The heads of the Big Three automakers pleaded Tuesday for emergency government aid to stave off potential collapse, but after four hours of testimony, it appeared they had not persuaded enough lawmakers to move quickly on a bailout.
Senate Democratic leaders said they had not been able to muster the support for legislation that would provide $25 billion to the troubled industry from the Treasury Department's $700 billion economic rescue fund.
Detroit's bid for help was laid bare at a Senate Banking Committee hearing, where two of the three automakers said they might run out of money by the end of the year.
The cause of their misfortunes was not management mistakes, they said, but the weak economy and the inability of consumers to obtain credit to buy cars.
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The chief executives of General Motors and Chrysler said their companies were using up their cash at a rate that could leave them close to insolvency without federal aid.
“Without immediate bridge financing support, Chrysler's liquidity could fall below the level necessary to sustain operations,” said Chrysler Chairman Robert Nardelli.
His comments were echoed by GM Chairman Rick Wagoner, who warned that the rippling impact of the industry's cash woes could put 3million American jobs at risk. He said a failure by GM, Ford or Chrysler would rapidly bring the entire domestic industry down.
“The societal costs would be catastrophic – 3 million jobs lost within the first year, U.S. personal income reduced by $150 billion and a government tax loss of more than $156 billion over three years,” Wagoner said.
Despite the urgent tone, lawmakers in both parties saw little chance that a bailout could be put together and passed during the current lame-duck session. The Bush administration has steadfastly refused requests by Democratic leaders to tap into the rescue program for the automakers.
Treasury Secretary Henry Paulson, at a House hearing earlier in the day, implored lawmakers to oppose using any of the $700 billion financial bailout for the auto companies, which he said would set a dangerous precedent.
“There are other ways” to help them, he said.
At the same time, he testified, “I think it would be not a good thing, it would be something to be avoided, having one of the auto companies fail, particularly during this period of time.”
The White House instead has pushed for the auto companies to get immediate access to $25 billion in previously approved loans to retool production plants to make fuel-efficient vehicles.
Sen. Carl Levin, D-Mich., a chief auto industry ally, said he remained hopeful of a deal. He said a consensus had emerged among leaders in both parties and at the White House on providing $25 billion in so-called bridge loans as a lifeline for the companies.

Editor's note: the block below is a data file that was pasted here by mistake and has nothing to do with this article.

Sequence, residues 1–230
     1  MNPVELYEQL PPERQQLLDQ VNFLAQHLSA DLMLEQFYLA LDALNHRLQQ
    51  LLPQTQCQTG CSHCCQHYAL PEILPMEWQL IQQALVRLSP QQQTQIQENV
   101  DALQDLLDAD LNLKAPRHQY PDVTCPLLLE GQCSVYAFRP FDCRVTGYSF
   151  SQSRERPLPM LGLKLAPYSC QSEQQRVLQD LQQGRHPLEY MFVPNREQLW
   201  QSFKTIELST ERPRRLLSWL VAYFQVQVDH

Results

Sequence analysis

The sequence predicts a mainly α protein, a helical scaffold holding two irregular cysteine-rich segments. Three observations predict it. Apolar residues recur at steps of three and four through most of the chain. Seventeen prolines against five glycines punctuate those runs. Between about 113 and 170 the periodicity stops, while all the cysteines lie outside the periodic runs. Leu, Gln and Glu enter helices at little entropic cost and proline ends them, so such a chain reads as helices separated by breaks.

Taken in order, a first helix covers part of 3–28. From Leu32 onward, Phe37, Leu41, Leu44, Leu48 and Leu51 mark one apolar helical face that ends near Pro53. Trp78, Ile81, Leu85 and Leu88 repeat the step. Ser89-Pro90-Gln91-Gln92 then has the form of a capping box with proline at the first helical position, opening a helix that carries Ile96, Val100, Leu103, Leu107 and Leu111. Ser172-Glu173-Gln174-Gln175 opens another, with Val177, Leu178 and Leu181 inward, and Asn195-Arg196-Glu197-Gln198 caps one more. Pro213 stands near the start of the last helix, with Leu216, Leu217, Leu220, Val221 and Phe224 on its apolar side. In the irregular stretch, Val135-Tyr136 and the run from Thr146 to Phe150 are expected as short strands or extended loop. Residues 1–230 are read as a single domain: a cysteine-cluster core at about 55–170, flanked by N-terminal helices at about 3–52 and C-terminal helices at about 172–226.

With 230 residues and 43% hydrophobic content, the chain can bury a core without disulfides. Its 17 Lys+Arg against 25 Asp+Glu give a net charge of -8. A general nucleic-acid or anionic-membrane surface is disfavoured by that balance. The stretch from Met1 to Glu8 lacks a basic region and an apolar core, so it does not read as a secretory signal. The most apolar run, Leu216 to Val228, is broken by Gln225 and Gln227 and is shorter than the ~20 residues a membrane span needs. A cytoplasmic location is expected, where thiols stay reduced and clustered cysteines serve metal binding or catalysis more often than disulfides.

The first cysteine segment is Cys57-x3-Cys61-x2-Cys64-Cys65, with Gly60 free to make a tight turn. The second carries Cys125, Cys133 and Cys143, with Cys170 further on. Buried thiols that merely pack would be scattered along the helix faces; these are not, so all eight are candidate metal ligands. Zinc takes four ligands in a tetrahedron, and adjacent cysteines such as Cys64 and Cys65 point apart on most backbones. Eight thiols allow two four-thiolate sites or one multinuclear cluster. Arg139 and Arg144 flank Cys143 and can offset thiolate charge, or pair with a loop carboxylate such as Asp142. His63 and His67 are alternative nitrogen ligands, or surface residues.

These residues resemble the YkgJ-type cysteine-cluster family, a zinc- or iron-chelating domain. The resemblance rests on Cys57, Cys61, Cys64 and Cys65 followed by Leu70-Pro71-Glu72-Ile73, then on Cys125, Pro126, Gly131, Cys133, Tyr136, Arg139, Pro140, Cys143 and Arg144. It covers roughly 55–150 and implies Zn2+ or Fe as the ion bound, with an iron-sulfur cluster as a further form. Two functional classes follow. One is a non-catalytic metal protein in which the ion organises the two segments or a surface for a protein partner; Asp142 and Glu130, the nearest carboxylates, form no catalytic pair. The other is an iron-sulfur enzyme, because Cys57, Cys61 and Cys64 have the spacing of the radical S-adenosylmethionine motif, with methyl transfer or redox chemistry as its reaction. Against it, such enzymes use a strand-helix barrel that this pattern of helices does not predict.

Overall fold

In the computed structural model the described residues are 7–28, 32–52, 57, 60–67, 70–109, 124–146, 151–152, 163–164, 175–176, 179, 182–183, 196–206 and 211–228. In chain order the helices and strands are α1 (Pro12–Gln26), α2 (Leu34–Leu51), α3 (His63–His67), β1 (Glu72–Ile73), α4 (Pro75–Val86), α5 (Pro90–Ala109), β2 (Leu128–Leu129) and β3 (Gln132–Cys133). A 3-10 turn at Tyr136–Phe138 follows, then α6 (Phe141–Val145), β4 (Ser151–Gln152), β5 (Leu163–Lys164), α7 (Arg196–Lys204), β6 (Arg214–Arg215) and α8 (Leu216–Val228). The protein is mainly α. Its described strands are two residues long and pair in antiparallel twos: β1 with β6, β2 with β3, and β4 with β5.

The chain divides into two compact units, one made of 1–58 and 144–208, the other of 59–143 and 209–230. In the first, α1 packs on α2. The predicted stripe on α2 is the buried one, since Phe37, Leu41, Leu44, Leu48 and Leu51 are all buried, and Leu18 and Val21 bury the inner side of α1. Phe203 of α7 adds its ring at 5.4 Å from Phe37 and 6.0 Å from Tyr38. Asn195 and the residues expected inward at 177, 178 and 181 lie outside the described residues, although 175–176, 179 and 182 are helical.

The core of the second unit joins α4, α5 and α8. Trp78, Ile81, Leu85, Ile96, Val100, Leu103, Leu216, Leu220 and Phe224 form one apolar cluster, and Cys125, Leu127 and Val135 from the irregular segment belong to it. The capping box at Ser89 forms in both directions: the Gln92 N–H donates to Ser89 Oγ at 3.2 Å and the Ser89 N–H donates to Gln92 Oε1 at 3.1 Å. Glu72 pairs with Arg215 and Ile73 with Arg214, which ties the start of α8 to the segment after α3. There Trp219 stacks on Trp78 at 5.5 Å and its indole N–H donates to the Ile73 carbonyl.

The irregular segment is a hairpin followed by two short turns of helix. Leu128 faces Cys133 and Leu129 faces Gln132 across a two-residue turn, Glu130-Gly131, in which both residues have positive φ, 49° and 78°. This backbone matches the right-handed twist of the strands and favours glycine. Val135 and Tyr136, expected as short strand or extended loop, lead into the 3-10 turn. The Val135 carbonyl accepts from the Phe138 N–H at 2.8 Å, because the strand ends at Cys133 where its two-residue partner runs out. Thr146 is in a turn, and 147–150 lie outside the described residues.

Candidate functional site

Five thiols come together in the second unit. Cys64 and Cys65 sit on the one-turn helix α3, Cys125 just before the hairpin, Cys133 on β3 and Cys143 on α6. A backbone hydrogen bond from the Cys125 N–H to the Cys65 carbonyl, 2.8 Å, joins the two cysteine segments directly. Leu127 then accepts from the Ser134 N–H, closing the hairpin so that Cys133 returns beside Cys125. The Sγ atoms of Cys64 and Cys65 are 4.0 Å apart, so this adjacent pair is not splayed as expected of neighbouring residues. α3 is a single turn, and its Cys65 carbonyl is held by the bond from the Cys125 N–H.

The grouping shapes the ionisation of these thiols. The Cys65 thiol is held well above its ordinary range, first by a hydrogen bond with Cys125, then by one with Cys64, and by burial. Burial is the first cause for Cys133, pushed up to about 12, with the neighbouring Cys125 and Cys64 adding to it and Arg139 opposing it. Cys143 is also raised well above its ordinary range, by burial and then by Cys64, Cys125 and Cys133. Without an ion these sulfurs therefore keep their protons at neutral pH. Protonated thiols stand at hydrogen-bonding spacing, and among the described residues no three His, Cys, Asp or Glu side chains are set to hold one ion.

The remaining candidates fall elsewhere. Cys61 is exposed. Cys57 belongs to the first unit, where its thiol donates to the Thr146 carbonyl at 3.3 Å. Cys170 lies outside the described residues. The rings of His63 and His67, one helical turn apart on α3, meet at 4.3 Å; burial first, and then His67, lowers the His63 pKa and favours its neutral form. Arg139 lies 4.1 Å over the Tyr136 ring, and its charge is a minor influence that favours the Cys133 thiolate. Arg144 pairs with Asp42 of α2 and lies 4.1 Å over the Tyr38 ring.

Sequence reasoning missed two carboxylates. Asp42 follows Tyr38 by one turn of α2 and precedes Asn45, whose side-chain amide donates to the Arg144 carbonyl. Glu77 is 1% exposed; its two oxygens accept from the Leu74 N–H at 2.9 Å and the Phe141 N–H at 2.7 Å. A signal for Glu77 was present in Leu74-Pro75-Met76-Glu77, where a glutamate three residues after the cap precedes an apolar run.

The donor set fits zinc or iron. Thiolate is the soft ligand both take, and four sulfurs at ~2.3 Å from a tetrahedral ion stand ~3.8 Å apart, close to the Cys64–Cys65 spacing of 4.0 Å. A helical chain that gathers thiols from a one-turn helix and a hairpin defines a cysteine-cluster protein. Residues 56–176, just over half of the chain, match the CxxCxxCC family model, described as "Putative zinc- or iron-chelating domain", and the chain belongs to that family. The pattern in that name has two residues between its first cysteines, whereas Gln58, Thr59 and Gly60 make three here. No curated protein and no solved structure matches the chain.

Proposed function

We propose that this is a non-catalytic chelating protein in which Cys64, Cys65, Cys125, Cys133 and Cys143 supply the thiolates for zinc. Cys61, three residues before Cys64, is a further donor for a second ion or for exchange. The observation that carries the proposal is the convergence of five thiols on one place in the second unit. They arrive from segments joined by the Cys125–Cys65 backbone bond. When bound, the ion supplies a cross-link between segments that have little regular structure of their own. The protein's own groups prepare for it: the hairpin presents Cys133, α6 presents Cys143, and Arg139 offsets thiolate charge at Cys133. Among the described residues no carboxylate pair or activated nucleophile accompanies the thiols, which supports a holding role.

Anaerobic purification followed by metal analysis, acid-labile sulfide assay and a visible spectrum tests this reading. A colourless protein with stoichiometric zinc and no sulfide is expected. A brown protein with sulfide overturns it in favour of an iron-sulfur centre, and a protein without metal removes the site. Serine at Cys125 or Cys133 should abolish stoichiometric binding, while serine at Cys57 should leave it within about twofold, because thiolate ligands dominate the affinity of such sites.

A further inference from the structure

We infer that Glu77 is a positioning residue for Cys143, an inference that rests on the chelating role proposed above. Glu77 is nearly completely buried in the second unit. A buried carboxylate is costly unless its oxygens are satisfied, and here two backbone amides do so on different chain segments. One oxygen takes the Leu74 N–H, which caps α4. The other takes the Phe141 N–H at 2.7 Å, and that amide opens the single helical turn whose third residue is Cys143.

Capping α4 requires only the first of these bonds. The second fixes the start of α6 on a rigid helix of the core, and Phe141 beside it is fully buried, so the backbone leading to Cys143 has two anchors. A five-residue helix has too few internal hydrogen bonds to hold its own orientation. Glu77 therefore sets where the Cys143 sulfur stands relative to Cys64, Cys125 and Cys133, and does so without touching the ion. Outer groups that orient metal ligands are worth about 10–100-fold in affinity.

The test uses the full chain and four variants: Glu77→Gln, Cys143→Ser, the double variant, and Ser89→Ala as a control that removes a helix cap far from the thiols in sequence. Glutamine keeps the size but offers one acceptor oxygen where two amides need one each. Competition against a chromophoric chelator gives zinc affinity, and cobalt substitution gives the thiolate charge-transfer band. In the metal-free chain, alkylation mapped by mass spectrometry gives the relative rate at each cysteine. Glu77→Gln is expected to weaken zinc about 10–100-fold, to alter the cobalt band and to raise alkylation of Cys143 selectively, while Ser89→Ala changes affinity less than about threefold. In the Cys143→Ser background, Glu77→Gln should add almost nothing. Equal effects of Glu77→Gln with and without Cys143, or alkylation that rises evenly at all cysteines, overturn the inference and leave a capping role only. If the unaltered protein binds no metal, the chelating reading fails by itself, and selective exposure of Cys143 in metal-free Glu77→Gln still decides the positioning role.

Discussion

But even Levin conceded that hammering out the details was difficult. “Progress? No,” he said when asked where things stood on Tuesday, but added that efforts were being made.
With so much rancor on Capitol Hill, lawmakers from states with some of the biggest stakes in the industry were angling to come to the rescue.
Sen. George Voinovich, R-Ohio, and Sen. Kit Bond, R-Mo., said they were drafting a compromise measure that would speed access to the $25 billion in loan guarantees.
“Serious people are taking a serious approach to a compromise that can actually become law,” said Don Stewart, a spokesman for the Republican leader, Sen. Mitch McConnell of Kentucky.
Levin said lawmakers were considering several approaches, including rewriting the provision mandating that any subsidized loans go toward retooling plants to produce advanced fuel-efficient cars.
Levin also noted that President-elect Obama had called for $50 billion in aid during the campaign, and that perhaps $25 billion could be provided now, with another $25 billion to be put forward by the new administration next year.
The suddenness of GM's cash crisis has caught Washington by surprise and raised doubts that the largest American automaker can survive long term.
Sen. Richard Shelby of Alabama, the ranking Republican on the banking committee, said he was skeptical that the Detroit companies could sufficiently reorganize their operations and improve their competitiveness.
“How is this money going to be used?” he said. “Will it be used to improve their business model and product lines, or is this just life support?”
The hearing underscored how deeply complicated the problems are at the Big Three, which have been losing billions even as they close factories and cut tens of thousands of jobs.
It also stirred fresh criticisms of Detroit's ability to compete in the global marketplace.
Several senators called into question the carmakers' vehicle quality, high labor costs and the capability of their senior management.
But the executives argued that their turnaround strategies were taking hold just as the economy faltered and available credit dried up for consumers.